Frequent Salt Use Raises Type 2 Diabetes Risk, New Study Finds

"Salt and type 2 diabetes risk"

Adding salt to your meals frequently might raise your risk of developing type 2 diabetes, according to a recent study. While it’s widely known that nutrition impacts type 2 diabetes, new findings suggest that it’s not just carbs and sugars but also salt that could play a role in the condition’s development.

Study Findings

Published in Mayo Clinic Proceedings, the study highlights that people who add more salt to their food have a higher likelihood of developing type 2 diabetes. Researchers from Tulane University, motivated by their previous research linking long-term salt intake to cardiovascular diseases and mortality, undertook this new study.

Research Details

The research team analyzed data from over 400,000 adults in the UK Biobank, a long-term health study group. At the start, participants were free from diabetes, chronic kidney disease, cancer, and cardiovascular disease. Participants were categorized based on their frequency of adding salt to foods: “never/rarely,” “sometimes,” “usually,” or “always.” Over a median follow-up of 11.9 years, those who “sometimes,” “usually,” or “always” added salt had a 13%, 20%, and 39% higher risk, respectively, of developing type 2 diabetes compared to those who rarely or never did.

Types of Salt

The study did not differentiate between types of salt (e.g., sea salt, kosher salt, Himalayan salt). According to Vandana Sheth, a registered dietitian nutritionist, the sodium content in various salts is relatively consistent, suggesting the type of salt is less critical than the amount consumed.

Processed Foods and Sodium Intake

Sheth emphasized that a significant portion of daily sodium intake comes from processed foods, which can further increase diabetes risk. The American Heart Association notes that processed foods such as soups, tomato sauces, condiments, and canned goods contribute up to 75% of daily sodium intake.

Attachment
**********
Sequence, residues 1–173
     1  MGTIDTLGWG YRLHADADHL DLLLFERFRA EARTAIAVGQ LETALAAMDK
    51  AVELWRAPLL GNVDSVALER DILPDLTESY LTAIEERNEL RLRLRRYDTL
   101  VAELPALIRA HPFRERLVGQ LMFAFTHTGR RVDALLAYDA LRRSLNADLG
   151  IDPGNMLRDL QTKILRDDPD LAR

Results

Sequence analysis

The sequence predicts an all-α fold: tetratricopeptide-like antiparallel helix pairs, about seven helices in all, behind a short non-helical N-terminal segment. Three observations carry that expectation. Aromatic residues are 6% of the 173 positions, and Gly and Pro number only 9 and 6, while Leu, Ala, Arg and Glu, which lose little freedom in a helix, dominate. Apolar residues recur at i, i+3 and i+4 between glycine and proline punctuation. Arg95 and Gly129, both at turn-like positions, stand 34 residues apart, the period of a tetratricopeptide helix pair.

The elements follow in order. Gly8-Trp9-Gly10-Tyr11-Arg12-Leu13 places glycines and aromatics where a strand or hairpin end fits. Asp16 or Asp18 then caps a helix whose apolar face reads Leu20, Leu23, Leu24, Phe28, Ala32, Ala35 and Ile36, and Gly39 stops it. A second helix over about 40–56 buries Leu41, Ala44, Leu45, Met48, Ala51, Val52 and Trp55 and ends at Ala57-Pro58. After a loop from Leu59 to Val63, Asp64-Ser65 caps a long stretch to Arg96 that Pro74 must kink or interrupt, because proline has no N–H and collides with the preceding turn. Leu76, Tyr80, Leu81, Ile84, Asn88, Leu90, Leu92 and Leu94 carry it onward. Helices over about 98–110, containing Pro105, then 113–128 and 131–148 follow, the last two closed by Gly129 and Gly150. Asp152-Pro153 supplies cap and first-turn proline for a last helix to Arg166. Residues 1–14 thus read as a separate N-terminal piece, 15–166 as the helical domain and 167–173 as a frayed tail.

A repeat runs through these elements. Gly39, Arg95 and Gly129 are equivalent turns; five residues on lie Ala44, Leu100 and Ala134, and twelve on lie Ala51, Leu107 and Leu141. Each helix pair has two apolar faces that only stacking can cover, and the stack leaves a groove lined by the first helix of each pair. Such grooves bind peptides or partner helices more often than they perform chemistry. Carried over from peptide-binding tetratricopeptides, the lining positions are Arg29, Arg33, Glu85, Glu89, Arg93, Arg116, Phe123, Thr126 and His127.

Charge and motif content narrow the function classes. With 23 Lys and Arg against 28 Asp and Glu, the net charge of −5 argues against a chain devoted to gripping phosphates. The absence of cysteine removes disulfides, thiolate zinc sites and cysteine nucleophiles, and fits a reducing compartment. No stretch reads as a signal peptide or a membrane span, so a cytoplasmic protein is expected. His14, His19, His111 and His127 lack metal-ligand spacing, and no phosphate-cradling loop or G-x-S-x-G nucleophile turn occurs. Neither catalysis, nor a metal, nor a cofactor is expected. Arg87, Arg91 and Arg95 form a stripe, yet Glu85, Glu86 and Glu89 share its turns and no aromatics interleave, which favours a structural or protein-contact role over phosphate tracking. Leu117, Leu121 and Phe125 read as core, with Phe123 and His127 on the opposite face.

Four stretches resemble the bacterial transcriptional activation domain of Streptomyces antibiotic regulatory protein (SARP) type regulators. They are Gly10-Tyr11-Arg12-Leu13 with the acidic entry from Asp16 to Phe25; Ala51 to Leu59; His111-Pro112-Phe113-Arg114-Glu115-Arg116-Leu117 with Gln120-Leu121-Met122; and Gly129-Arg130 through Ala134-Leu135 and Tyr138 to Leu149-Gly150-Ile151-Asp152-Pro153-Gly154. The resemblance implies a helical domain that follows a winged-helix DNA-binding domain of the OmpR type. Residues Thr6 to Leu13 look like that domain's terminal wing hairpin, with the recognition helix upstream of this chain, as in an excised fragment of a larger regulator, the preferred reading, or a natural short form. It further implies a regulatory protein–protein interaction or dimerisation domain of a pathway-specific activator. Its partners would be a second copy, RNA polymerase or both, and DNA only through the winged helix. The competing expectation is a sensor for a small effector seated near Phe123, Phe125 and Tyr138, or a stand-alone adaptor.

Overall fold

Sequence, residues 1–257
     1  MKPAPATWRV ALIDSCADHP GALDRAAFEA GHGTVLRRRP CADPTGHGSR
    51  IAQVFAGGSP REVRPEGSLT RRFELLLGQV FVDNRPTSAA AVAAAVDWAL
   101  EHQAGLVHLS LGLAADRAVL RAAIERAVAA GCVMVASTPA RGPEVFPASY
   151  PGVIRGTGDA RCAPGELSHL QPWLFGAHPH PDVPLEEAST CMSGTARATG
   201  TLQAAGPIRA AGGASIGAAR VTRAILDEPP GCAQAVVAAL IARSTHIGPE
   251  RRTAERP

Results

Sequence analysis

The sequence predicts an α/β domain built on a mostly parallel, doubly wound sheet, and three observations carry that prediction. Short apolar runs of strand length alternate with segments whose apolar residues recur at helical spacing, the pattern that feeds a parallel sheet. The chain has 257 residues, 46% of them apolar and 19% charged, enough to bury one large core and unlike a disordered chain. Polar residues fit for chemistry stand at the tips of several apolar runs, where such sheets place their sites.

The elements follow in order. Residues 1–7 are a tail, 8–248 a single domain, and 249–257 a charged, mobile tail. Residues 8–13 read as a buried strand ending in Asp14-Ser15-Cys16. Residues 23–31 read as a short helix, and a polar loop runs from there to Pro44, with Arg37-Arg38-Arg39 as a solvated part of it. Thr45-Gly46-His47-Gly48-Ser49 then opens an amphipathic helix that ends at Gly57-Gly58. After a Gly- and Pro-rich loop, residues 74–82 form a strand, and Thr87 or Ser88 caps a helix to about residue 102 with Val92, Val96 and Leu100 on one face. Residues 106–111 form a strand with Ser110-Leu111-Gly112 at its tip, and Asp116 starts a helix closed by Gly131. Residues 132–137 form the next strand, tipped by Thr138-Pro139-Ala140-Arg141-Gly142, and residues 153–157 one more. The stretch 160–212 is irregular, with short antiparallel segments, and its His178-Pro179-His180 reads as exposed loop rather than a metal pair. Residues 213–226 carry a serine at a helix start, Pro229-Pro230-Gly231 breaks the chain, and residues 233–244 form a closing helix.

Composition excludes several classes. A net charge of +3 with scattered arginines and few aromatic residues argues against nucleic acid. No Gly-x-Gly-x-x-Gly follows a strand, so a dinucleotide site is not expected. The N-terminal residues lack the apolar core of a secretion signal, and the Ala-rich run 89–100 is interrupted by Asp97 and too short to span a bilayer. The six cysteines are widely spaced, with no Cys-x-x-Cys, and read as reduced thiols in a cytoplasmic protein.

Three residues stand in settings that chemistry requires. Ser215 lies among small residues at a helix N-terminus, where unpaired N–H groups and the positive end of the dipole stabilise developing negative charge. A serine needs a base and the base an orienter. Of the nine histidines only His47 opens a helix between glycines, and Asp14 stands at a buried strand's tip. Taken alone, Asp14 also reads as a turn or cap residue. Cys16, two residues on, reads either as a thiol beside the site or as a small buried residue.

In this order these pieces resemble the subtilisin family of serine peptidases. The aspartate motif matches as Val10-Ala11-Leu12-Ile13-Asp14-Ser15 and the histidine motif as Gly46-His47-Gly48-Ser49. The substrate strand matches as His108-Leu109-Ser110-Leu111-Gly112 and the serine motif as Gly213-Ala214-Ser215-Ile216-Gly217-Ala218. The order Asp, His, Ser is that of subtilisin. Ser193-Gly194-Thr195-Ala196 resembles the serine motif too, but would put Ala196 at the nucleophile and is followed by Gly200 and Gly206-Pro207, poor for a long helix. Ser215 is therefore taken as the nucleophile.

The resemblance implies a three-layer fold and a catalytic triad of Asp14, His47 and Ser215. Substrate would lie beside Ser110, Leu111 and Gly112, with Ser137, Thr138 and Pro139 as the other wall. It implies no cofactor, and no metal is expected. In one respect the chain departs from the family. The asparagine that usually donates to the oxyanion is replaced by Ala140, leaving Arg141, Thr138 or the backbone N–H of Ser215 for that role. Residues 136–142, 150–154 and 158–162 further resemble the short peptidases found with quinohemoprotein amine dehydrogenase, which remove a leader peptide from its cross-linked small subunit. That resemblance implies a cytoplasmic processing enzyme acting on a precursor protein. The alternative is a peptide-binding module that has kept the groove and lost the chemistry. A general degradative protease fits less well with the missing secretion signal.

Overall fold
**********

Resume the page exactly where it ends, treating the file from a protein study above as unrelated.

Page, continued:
Observational Nature of the Study

It’s important to note that the study was observational and does not prove causation. However, it suggests a significant association that warrants attention.

Connecting Sodium and Type 2 Diabetes Risk

Traditionally, the diet-diabetes connection has focused on carbohydrates. The role of sodium is a newer concept. According to study author Lu Qi, high-calorie meals associated with salt addition might lead to weight gain, increasing diabetes risk. Additionally, sodium might trigger increased appetite, leading to higher food intake, obesity, and inflammation, all risk factors for diabetes.

Reducing Sodium Intake

Reducing sodium doesn’t have to be difficult. Here are some practical tips

"Salt and type 2 diabetes risk"
  • Remove the Salt Shaker: Keeping the salt shaker off the table can help reduce usage.
  • Gradual Reduction: Reduce sodium intake gradually to make it more sustainable.
  • Rinse Canned Foods: Rinse canned beans and vegetables to reduce sodium content.
  • Choose Fresh Foods: Opt for fresh fruits, vegetables, whole grains, and lean proteins, which are naturally low in sodium.
  • Read Labels: Check food labels to monitor sodium intake. Foods with 5% or less of the Daily Value (DV) are low in sodium; those with 20% or more are high.
  • Use Other Seasonings: Experiment with herbs, spices, citrus, vinegars, and salt-free seasoning blends to enhance flavors without salt.


While more research is needed to understand the connection fully, reducing sodium intake appears to be a beneficial strategy for lowering the risk of type 2 diabetes. By adopting simple dietary changes and being mindful of sodium consumption, individuals can take proactive steps towards better health

A Quick Review

Adding salt to meals frequently may significantly increase the risk of developing type 2 diabetes, as indicated by a study involving over 400,000 adults. The research, published in Mayo Clinic Proceedings, found that people who habitually add salt to their food have up to a 39% higher risk of developing type 2 diabetes compared to those who rarely or never do. The study emphasizes the importance of monitoring and reducing sodium intake, especially from processed foods, to mitigate this risk.

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